I Got the Better of This Deal

I Got the Better of This Deal

A lot of time and money has been spent on adding more to the arsenal of treatment options for Post Traumatic Stress Disorder (PTSD), or Operational Stress Injuries (OSI’s) but what has actually changed. Back in ‘93 when I first sought help, clinicians offered drugs and various forms of cognizance therapies. Twenty five years later, not much has really changed. We are introducing the 3D model of cognizance therapy offering a virtual environment to relive your trauma in safety. The drug arsenal has evolved somewhat (or has it) but the logic behind it, being; if we relive the trauma in a positive environment, it will stop bothering us, is still the accepted norm. Problem is it doesn’t really stop reoccurring trauma, and although I am no clinician I often wonder what makes them tick. Reliving the trauma is ultimately what I want to stop, and it seems to me every time I began a new therapy, I had to relive the trauma, not just in my own head but for someone else at their request. This is probably why I don’t do therapies anymore, and why many veterans chose to self medicate.

It seems the search is on for the magic bullet, the one shot that cures all. Yet for as many veterans that suffer from PTSD or OSI’s, there are as many solutions. In reconnecting with my past I have renewed many relationships with brothers I served with 25 years ago. All of us who manage sufficiently to pass as law abiding citizens of Canadian culture and are able to mask or hide our deeply fractured mental states, have all accomplished one similar thing;  A major shift in our diet. No it’s not a magic bullet. It is a lot of hard work. The daily self discipline it takes defines the very term Sargent Major. One slip and it costs me days or even weeks of sleepless nights and rapid dark moods with little to no control. But it sure beats the alternative, which is a lifetime of mediation and side effects of that medication.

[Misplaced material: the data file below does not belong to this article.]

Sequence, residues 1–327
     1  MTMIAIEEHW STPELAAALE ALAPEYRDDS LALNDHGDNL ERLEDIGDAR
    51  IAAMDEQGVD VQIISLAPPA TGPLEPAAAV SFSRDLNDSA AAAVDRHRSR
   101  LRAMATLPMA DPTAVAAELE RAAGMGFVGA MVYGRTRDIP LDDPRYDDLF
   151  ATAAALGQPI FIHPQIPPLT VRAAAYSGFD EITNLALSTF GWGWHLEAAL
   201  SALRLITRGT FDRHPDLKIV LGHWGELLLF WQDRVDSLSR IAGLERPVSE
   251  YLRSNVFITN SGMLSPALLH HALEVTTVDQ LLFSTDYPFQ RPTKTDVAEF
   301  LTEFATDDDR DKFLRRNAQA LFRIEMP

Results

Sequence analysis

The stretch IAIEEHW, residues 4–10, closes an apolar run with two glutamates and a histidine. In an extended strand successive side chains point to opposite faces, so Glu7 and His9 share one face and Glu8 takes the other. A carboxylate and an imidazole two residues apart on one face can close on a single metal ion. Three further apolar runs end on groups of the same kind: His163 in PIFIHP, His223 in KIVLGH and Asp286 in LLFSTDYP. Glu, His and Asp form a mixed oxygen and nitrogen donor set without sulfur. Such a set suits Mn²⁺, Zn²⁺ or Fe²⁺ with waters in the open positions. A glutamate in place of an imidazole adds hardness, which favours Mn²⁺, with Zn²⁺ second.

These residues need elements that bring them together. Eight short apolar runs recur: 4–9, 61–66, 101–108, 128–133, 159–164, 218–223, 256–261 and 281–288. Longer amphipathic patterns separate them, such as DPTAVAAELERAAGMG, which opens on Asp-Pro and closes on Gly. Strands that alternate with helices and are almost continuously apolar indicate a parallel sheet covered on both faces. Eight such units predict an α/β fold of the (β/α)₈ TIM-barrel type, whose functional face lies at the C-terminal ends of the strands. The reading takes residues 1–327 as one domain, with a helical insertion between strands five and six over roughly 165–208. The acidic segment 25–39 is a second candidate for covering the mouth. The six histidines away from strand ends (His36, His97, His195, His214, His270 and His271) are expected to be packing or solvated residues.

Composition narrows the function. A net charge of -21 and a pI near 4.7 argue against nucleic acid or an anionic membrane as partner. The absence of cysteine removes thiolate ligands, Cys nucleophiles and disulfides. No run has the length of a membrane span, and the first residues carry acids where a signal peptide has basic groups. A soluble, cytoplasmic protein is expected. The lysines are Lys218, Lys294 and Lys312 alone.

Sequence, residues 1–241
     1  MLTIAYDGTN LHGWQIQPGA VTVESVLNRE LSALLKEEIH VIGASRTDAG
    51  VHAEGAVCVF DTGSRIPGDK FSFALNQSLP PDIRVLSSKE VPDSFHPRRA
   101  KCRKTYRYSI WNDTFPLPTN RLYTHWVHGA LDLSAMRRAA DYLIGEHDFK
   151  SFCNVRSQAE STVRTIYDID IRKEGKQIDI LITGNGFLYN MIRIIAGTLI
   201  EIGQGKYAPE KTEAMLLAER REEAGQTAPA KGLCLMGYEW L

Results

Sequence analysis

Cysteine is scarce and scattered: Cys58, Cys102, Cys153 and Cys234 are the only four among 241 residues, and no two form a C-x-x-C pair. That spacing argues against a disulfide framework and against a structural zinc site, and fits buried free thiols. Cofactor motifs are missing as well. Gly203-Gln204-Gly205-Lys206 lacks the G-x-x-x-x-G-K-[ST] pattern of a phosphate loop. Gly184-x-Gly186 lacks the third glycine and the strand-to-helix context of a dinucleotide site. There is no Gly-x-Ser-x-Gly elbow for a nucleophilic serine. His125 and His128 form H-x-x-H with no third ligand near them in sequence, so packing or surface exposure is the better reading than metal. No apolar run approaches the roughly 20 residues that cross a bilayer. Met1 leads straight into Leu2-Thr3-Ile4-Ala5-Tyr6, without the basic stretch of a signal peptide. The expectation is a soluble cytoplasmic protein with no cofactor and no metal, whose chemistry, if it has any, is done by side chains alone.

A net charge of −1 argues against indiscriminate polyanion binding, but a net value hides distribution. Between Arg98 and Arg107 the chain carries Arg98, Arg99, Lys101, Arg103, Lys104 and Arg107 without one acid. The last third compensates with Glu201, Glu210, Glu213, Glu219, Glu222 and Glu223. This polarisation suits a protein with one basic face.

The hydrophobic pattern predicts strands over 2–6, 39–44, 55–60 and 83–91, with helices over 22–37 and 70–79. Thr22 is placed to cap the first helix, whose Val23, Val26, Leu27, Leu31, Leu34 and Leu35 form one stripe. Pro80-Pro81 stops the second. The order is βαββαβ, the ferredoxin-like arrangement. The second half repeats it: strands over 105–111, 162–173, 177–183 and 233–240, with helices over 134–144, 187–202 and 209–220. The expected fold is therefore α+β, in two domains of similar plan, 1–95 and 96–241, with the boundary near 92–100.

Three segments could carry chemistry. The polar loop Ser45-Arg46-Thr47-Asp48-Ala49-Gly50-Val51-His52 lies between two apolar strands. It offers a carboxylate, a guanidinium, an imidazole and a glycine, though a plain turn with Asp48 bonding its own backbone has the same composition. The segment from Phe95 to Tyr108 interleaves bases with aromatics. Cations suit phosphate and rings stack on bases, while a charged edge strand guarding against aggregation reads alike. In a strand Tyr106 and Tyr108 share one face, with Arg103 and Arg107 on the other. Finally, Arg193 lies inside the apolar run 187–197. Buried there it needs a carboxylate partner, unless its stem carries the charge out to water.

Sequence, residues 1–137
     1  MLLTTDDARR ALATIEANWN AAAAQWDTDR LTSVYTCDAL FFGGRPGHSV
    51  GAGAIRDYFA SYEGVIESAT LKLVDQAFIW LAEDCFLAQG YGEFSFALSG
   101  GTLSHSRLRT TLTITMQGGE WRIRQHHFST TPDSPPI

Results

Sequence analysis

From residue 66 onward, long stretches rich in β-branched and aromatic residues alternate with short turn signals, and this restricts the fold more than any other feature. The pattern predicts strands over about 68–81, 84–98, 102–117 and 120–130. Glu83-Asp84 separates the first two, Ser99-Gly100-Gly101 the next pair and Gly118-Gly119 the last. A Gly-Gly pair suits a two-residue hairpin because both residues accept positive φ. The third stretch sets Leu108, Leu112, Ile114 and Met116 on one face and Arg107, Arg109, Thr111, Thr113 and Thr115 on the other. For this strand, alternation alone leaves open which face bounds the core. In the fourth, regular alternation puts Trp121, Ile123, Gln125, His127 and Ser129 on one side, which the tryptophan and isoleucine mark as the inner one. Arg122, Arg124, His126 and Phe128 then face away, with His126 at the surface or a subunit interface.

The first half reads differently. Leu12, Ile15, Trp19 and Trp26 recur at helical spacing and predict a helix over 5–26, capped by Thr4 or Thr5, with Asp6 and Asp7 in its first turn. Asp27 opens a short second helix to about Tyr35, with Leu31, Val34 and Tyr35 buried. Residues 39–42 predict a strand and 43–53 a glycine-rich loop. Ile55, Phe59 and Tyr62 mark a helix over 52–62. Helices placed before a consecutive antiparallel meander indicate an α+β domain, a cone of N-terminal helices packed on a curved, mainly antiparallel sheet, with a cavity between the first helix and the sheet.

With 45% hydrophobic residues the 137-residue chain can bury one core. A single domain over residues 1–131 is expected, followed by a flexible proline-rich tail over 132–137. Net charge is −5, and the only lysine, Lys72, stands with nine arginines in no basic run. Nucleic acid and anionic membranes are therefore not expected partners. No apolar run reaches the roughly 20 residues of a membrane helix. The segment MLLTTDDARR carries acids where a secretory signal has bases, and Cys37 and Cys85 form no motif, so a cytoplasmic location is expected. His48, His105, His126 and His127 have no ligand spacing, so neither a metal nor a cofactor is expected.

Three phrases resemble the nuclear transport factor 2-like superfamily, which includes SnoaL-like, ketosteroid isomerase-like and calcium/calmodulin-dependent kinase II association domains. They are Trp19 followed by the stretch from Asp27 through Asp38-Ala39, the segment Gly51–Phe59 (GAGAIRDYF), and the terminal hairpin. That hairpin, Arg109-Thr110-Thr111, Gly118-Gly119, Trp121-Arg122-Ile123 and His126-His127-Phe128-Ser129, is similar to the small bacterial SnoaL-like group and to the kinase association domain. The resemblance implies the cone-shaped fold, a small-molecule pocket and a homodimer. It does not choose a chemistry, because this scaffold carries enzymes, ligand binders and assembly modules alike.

The real mechanism of success I have been learning recently is that when a group of veterans get together there is an accounting of sorts. Are you doing what you have to, to minimize the effects of the trauma you have received on yourself, and on your family? Are you accessing the programs that take the burden off of your family (and yourself) and allowing the stress to be shared and managed at a level other than your personal discomfort? Even after 25 years I am still learning this one. Recently I spent an afternoon with a couple incredible men, and brothers. Several I served with and have not seen in 25 years, and some I have just met and grew to love instantly. Kelly immediately held me accountable for my failing actions, (Veteran’s Affairs Admin which another brother Craig had been at me about since last May). The great part about Kelly’s torment was that I get to give it back to him. I had a conversation with his wife about his health, diet and in exchange for my compliance, he promised his own commitment to action. Having fulfilled my obligation to Kelly, I now get to hound him until eternity or his health improves. I got the better of this deal; incidentally my wife calls me a food Nazi … poor Kelly.

And then there is poor Dave, 2 days after I gave him the evil eye and ousted him in front of our peers for eating chips he knew would haunt him, (well actually I think he ate a few more things than just the chips). He made a post swearing off the processed food (which was causing him stresses), forcing himself to confess his sins to his own brothers. Not because he wanted the attention, but rather the accountability. He knows we (his Brothers) will rally around him and hold him accountable for his decision. So I of course sent him a Face Book “I told you so” meme. (He’ll get me back I’m sure).

For me it’s not just the accountability, but the atmosphere that accompanies it. It’s the in your face, you can’t BS your way out of it atmosphere. A therapist telling you not to do something before you leave the office in contrast to a group of brothers hounding you night and day while calling out, “you know better”. The therapist never knows if you truly complied, (unless your wife tells on you) they take your word at face value. I said I complied, therefore I did comply. Now wouldn’t it make more sense to treat a veteran in a veteran community on a 24 hr basis, if even for a short term to establish a new norm, or a good habit through that self discipline I mentioned earlier? There are several groups working tirelessly on Veterans House (the Not For Profit I am involved with). They are working on collecting a few similar groups to form a larger entity to work towards that very end. Think you can contribute? Then drop me a line.


Stephen Beardwood


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